Several SET-BC and PRCVI staff members won’t be returning in September. Happy retirement to Joe, Susan, Anne and Michael and thanks for all you’ve done for students in British Columbia, the teams supporting them and your many colleagues!
Joe was born in Kingston, Ontario and started his career in Canadian education as a teaching assistant in Vancouver in 1987. Before that, however, he taught drawing at Instituto Allende in Mexico in 1976 where his love for both teaching and spicy Mexican food began. After working as a TA in Vancouver for awhile, he attended UBC where he received his degree in Secondary Art Education.
In 1993 he took on the Primary Behaviour Class at Nelson Elementary but made the switch to SET-BC the following year in 1994. Joining the Region 2 Lower Mainland team, he worked as a SET-BC consultant in many school districts throughout the lower mainland. In 2003 he joined the SET-BC Provincial Resource Team (PRT) as the Service Delivery Manager where his dedication to improving our service delivery policies and procedures has resulted in many, many improvements to our service provision model. His dedication to his SET-BC role is matched only by his care and concern for students, school teams and his fellow colleagues.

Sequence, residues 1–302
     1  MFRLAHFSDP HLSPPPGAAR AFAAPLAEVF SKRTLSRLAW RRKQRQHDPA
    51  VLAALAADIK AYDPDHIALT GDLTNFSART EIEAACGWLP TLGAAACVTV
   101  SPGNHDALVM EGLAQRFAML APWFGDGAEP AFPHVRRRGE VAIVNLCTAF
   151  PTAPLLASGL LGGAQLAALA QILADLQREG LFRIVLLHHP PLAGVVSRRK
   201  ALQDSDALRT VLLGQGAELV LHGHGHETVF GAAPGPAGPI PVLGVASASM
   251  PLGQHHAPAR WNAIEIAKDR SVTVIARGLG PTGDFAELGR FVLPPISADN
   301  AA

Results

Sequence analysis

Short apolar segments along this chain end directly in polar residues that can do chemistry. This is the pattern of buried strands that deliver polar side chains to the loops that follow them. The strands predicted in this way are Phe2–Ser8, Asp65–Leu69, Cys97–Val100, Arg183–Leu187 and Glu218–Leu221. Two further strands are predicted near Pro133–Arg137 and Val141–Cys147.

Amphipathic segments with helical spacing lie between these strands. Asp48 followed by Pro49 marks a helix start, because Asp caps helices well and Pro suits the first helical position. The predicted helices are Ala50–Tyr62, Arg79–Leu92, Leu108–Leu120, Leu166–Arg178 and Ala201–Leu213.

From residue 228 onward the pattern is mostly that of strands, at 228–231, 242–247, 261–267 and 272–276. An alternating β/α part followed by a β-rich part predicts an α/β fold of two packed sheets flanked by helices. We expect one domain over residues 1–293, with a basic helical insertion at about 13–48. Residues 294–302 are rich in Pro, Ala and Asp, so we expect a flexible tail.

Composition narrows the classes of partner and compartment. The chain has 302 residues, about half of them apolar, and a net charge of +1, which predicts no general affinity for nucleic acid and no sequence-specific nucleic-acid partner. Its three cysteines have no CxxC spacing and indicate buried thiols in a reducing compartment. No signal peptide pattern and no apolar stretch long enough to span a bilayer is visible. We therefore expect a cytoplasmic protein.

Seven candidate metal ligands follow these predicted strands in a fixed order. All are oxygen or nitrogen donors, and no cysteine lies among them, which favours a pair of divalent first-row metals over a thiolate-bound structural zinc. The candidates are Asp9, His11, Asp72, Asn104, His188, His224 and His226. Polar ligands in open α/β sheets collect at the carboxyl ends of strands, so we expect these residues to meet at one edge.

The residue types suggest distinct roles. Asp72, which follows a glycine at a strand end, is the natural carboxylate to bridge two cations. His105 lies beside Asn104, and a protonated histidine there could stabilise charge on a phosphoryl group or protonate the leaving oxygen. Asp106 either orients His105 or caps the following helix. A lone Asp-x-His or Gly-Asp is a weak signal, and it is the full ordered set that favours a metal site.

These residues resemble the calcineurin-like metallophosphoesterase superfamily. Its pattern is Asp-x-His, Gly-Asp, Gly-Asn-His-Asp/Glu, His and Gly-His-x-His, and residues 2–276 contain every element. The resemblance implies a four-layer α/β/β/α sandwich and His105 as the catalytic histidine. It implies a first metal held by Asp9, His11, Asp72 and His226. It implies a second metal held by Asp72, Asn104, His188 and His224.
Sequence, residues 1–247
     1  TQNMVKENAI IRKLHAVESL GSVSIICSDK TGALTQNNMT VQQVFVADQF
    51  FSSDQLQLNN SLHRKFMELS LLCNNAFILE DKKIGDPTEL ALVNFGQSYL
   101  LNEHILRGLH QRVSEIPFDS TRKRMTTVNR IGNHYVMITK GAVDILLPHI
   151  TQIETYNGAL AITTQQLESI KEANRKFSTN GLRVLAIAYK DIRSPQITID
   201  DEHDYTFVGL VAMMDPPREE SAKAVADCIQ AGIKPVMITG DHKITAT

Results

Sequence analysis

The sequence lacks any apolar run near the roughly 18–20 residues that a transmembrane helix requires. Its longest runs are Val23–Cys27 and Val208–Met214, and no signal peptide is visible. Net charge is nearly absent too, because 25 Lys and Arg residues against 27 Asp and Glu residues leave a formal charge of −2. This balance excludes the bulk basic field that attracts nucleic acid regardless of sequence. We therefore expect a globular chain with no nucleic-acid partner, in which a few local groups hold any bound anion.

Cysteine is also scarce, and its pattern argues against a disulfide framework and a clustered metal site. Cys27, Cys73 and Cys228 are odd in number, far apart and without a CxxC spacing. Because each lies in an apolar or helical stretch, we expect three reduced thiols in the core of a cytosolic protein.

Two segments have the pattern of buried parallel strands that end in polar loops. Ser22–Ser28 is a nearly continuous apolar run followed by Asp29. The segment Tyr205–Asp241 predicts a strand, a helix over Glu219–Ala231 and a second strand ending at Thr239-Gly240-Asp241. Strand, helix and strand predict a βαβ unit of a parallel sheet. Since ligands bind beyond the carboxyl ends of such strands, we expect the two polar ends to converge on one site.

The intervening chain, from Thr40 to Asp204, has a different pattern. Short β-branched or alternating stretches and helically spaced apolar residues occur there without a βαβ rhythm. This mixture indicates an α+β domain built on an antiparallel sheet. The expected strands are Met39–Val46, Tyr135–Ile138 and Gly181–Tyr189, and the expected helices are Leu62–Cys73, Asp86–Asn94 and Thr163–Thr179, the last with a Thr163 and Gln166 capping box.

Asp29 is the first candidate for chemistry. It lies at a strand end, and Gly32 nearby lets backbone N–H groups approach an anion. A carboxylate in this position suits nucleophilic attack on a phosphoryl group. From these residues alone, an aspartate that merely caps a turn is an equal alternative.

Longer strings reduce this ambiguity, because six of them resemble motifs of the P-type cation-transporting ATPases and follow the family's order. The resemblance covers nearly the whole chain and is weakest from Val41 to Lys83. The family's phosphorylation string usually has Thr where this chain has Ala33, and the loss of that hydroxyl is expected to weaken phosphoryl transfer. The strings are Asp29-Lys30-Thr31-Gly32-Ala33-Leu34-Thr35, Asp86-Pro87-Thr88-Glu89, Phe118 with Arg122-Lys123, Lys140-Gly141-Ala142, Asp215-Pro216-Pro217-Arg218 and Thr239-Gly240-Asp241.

Joe’s absence on the PRT and in SET-BC in general will be felt very keenly but we are so happy he is able to retire and spend his days walking his dogs and painting his amazing landscapes. For those of you who may want to follow the progress on his latest work, check out www.josephcash.com. All the best, Joe – we will miss you!
Susan is a true local girl – having been born, raised and worked in the lower mainland her entire life. She started her career in education in 1974 when she joined the Mitchell Elementary (Richmond) staff as a Grade 2 teacher. We know her bubbly positive personality would have been perfect for that age group! She also worked at the Diagnostic and Prescriptive Centre in Richmond supporting Learning Disabled students for a number of years and was a resource teacher at Rideau Park and Homma Elementary. She went on from Homma to assume a role on the Richmond school district ‘School Based Support Team’ and then, in 2006, joined the SET-BC Region 2 team as the Richmond / Delta consultant.